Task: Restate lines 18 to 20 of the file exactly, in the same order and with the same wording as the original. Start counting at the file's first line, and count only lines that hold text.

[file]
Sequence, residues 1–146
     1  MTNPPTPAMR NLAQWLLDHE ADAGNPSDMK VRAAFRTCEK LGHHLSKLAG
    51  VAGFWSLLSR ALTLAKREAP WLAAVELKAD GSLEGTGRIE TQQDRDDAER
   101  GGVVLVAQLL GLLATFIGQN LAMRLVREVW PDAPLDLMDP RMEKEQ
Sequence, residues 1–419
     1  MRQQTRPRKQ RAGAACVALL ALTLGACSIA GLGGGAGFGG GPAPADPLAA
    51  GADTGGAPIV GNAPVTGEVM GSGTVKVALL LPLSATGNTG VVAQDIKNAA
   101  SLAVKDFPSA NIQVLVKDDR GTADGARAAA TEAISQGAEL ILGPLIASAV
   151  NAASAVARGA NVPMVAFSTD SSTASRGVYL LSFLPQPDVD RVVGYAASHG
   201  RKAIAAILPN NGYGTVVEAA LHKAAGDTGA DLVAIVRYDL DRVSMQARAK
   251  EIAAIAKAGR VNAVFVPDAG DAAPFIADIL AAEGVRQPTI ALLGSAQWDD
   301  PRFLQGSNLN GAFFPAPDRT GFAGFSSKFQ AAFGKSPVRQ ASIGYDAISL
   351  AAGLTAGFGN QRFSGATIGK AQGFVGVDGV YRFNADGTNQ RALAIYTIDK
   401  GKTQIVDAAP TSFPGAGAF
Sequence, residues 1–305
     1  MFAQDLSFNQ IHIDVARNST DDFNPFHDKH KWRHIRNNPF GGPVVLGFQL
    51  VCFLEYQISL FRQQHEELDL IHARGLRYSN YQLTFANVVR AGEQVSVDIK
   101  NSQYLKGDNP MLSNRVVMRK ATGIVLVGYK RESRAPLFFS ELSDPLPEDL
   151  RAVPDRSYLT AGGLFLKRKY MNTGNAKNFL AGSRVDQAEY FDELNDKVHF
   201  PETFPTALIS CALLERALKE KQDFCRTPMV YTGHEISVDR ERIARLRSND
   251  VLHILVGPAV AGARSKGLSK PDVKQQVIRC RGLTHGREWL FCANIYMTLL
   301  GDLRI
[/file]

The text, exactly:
   101  NSQYLKGDNP MLSNRVVMRK ATGIVLVGYK RESRAPLFFS ELSDPLPEDL
   151  RAVPDRSYLT AGGLFLKRKY MNTGNAKNFL AGSRVDQAEY FDELNDKVHF
   201  PETFPTALIS CALLERALKE KQDFCRTPMV YTGHEISVDR ERIARLRSND